Entertainment, social connection, and a desire to understand other perspectives and cultures continue to be the most common reasons for the desire to attend.
Australians are visiting arts events and festivals less frequently, with price and location the main barriers to attendance, according to an arts survey released on Sept. 19.
Creative Australia released the 2022 National Arts Participation Survey. It provided the first comprehensive study of Australians’ engagement with arts and creativity since the COVID-19 pandemic, and the results are based on a nationally representative sample of 9,396 people.
Almost all Australians engage with the arts somehow; however, weekly event attendance dropped across all art forms compared to pre-COVID-19 pandemic rates, with more Australians only attending arts events every few months.
Creative Australia’s CEO Adrian Collette said although attendance is less frequent, “there has been a concurrent increase in the proportion of people who want to attend more.”
Entertainment, social connection, and a desire to understand other perspectives and cultures continue to be the most common reasons for attendance desire, and the pandemic likely contributed to this, according to the survey.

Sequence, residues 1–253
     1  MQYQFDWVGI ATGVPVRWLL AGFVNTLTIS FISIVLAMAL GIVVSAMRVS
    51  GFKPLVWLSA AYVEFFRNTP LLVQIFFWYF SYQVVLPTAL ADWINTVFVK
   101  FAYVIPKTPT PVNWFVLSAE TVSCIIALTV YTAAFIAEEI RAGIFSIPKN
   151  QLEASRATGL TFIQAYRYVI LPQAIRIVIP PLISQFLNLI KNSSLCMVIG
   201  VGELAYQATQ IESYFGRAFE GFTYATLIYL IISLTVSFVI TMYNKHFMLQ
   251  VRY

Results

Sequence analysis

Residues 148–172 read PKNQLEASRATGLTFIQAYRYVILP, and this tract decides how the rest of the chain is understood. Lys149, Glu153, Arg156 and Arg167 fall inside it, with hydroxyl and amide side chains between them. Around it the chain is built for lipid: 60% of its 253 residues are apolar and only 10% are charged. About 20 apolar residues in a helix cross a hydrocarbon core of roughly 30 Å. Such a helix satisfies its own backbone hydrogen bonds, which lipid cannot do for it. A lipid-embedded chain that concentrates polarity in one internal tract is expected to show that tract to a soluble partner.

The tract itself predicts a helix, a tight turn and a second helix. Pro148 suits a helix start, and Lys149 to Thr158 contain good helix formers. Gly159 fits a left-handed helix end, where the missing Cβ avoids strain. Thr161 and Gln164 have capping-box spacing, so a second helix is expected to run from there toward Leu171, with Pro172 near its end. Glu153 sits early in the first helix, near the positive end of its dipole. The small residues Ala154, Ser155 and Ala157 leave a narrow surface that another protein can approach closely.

Almost half of Australians (48 percent) said creative activities and experiences helped their mental health or well-being during the pandemic.
As a result, Mr. Collette said Australians are now increasingly sharing, connecting, creating, and experiencing arts and culture online for well-being benefits. The survey showed almost nine in 10 Australians (88 percent) engaged with arts and culture online in 2022, up from 82 percent compared to 2019.
“Australians value the flexibility of accessing arts and creativity through digital avenues. However, a large proportion miss the atmosphere of a live event, exhibition, and experience when viewing online,” he said.
Further, many Australians recognise live arts and cultural events were heavily impacted by the COVID-19 pandemic disruptions and are willing to support the industry.
About seven million Australians (34 percent) aged 15 and over are happy to pay more for events to help support the arts sector. Over two in five young people (44 percent) aged 15 to 34 said they were willing while older Australians were less eager (36 percent aged 35 to 49 and 26 percent aged 50 and over).
Australians are also diversifying how they consume literature and increasingly use digital reading formats. At the same time, Australians’ engagement with reading has decreased slightly following the COVID-19 pandemic.
Of those who read, three in five Australians read ebooks, and a third of Australians listen to audiobooks.
“However, Australians likely use this format on an occasional, rather than regular basis as less regular consumption increased to 26 percent from 18 percent in 2019,” Mr. Collette said.